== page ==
How it’s done ~ Approaching a reviewer…
Hi, everyone. I’m Julie Whiteley, a blogger, reader and reviewer. Jackie asked me to write a post for you concerning issues between authors and reviewers. And, especially to address what reviewers look for and to note some of the things we all need to work on.
What makes a great blurb?
Never judge a book by its cover or by its title! Do not over use superlative adjectives such as Brilliant! Wildly Creative! Don’t write a blurb that is as long as your novel and don’t use a quote or excerpt from the book in the blurb. Blurbs are always composed in present tense. Stick to a brief introduction of plot, hint at the adversity and possible outcomes. Think about a book trailer when writing the blurb. Reviewers are readers first and we like being teased into reading a book just as any other reader. One of my pet peeves is a blurb that rambles all over the place and mentions every character in the book. Reviewers know there is a supporting cast. We’ll meet them in the book all in good time. Sloppy sentence construction and misspelled words in a blurb puts my radar on high beam. While I might be forgiving of some errors, I won’t miss them because the blurb has put me on full alert.
Do reviewers read author profiles?
I cannot speak for other reviewers, but yes, I do read your bios. Books are such a personal experience it is nice to know something about the author and what inspired them to write. I like personal details such as where you are from, if you have pets, why do you write novels, and what other things you like to do. I love finding some zany thing about an author that makes the author seem approachable and human so I feel as if I can relate to you in some way or perhaps have something in common with you. Amazon bios that read like a job resume do not appeal to me. I’m not hiring you for a job. I’m reading and reviewing your book. That’s our connection.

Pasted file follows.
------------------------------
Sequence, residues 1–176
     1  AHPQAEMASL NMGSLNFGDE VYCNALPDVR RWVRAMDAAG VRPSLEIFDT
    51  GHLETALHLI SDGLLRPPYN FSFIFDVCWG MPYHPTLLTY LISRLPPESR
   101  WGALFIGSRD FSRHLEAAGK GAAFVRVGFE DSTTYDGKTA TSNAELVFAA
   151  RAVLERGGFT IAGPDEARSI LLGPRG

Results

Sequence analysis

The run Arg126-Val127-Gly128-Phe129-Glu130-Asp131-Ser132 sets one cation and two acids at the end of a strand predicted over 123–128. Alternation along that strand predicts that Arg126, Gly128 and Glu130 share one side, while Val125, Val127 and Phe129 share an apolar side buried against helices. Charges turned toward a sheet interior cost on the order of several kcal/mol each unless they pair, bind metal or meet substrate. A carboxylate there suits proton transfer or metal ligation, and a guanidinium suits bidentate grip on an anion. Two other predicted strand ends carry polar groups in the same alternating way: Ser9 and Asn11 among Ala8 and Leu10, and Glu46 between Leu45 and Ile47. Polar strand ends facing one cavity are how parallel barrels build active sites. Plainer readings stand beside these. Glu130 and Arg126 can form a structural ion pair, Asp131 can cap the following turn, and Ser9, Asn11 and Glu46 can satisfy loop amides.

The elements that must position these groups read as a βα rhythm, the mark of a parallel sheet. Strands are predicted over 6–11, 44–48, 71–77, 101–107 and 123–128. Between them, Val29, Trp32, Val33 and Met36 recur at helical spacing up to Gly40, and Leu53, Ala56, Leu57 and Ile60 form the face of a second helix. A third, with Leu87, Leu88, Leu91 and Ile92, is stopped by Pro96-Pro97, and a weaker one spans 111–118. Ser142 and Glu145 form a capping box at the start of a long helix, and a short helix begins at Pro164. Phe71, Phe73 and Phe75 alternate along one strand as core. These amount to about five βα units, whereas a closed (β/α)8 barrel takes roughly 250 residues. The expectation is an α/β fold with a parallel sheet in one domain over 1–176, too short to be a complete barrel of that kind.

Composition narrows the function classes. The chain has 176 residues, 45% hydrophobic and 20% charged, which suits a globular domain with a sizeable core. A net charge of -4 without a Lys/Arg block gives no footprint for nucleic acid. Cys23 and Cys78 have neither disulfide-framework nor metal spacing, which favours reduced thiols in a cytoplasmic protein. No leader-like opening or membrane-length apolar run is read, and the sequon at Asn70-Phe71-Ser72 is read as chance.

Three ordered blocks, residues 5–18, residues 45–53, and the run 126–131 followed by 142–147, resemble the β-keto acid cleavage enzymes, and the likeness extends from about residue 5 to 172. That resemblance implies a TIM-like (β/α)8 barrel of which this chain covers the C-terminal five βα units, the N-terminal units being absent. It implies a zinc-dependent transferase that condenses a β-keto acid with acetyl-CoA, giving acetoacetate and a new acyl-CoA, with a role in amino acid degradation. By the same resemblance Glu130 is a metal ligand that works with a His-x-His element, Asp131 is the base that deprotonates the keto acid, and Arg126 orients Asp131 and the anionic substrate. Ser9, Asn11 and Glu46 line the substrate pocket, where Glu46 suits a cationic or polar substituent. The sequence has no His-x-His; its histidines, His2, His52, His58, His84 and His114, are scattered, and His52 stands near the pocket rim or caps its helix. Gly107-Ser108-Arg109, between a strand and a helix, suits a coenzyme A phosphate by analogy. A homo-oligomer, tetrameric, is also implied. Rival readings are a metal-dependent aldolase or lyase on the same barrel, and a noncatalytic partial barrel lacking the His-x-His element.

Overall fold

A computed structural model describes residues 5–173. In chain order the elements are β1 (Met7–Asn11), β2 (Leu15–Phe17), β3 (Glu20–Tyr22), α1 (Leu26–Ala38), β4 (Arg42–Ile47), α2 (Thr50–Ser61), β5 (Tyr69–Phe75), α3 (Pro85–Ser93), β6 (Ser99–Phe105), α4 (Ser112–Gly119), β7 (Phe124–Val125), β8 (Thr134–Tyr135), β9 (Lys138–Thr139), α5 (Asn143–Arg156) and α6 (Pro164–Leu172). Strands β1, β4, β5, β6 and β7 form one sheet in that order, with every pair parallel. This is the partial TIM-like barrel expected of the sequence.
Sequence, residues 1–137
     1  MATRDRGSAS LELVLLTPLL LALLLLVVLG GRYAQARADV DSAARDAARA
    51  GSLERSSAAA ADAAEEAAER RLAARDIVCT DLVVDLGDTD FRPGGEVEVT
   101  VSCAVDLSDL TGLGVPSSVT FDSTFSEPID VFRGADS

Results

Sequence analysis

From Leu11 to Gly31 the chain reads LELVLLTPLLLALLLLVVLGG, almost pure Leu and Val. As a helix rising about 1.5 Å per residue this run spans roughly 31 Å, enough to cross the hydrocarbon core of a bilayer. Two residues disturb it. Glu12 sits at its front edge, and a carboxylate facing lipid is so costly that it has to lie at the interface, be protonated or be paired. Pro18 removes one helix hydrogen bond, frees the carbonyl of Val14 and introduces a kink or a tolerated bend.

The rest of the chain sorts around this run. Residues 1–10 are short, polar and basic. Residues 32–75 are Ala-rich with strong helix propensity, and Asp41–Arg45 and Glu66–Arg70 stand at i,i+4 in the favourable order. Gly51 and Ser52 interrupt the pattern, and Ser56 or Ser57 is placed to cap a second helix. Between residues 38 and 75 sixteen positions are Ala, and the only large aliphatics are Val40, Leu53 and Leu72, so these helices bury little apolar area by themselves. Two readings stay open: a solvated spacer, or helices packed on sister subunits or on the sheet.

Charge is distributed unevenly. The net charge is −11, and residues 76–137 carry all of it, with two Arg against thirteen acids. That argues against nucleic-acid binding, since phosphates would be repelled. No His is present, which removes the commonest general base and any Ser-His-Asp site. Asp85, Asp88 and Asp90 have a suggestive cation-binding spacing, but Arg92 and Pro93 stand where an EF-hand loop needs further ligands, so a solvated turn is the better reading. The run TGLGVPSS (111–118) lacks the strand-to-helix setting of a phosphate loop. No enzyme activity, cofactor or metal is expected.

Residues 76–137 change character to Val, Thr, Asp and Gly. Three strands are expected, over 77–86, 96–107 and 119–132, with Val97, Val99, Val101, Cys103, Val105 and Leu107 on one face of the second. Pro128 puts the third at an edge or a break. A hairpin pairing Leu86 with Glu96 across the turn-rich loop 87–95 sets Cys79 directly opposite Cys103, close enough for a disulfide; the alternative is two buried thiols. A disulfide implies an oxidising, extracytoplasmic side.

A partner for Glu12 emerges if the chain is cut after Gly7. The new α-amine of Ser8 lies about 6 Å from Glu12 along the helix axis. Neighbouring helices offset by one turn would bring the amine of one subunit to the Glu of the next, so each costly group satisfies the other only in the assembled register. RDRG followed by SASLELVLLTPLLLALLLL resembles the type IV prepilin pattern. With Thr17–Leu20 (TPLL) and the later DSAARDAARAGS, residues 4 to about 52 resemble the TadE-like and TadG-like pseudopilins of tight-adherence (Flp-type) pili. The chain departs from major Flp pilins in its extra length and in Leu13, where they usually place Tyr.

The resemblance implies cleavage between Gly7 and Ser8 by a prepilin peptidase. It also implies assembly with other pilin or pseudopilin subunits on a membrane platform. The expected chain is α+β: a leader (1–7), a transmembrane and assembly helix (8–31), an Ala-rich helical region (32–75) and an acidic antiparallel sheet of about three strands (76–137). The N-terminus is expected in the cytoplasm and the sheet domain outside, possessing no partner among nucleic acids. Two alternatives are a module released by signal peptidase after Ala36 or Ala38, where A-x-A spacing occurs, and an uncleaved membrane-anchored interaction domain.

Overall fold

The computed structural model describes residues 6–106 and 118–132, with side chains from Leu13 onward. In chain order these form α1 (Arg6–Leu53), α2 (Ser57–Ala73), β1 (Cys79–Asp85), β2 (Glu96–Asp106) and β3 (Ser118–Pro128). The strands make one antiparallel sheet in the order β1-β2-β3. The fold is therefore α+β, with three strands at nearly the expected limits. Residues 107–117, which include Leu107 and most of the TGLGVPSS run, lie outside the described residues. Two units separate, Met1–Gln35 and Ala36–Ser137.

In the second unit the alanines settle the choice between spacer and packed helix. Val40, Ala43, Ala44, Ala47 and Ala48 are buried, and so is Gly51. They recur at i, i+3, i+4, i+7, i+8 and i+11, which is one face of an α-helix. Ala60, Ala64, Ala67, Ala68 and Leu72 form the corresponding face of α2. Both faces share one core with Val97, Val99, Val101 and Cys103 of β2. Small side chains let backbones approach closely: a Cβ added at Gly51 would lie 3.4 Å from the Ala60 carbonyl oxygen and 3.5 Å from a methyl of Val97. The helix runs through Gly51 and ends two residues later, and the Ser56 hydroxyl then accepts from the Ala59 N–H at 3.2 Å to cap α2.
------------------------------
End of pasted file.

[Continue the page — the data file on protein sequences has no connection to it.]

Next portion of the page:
Does back of book data matter?
For an indie author it does. Jackie has told me how she hounds you to put what she calls that little gem at the foot of your book. When I get to the end of your book, I like seeing…
“Thank you for taking time to read Title of Book. If you enjoyed it, please consider telling your friends or posting a short review. Word of mouth is an author’s best friend and much appreciated.”
So few indie authors do that, but it tells me you consider your readers. When I reviewed one of Jackie’s books, I was surprised to see a “from the author note.” I read it, and found it so interesting; I asked to interview her for my blog.
The request for a book review.
I often get emails saying: “Will you review my book, please?” THAT’S IT!
When asking for a review, do introduce yourself, tell the reviewer what kind of book you’ve written. What is the genre? The buy link? Provide a blurb. Offer a book cover or author photo. While this seems obvious to some, apparently it isn’t to others. DO offer the reviewer a free copy of your book in the reviewer’s preferred format. Yes, I do have authors asking for reviews who expect me to buy their book. That is not the done thing and extraordinarily unprofessional.
Never send a reviewer a copy of your book without first asking the reviewer to review it. That is presumptuous and no reviewer feels obligated to read or review a book just because the author sent us a copy.
There’s more: The Good, Bad and the Ugly. But I’ll save it for next time. Jackie has invited me to eNovel Authors at Work and I’m glad to be here—on your side of the fence for a change. I hope I get to know all of you soon. Visit my facebook page and say hello HERE… Regards, from Julie Whiteley
“I read the reviews with one thing in mind — they’re really none of my business.” ~ Frank Tuttle, author of Saving the Sammi
Thank you for visiting eNovel Authors at Work. We share the real scoop with indie authors so that indies can make the best decision for his or her book. Go here to read the first in a series on promotions. Go here to read actual promotion results and figures from author, Mary Smith. Another excellent report and recent results can be found on Carol Bodensteiner’s blog: Does Paying for Book Promotion Pay off?
I’m Jackie Weger, Founder of eNovel Authors at Work, a community of indie authors who believe in paying-it-forward.
Comments and sharing are always welcome.
@Copyright 2015 Jackie Weger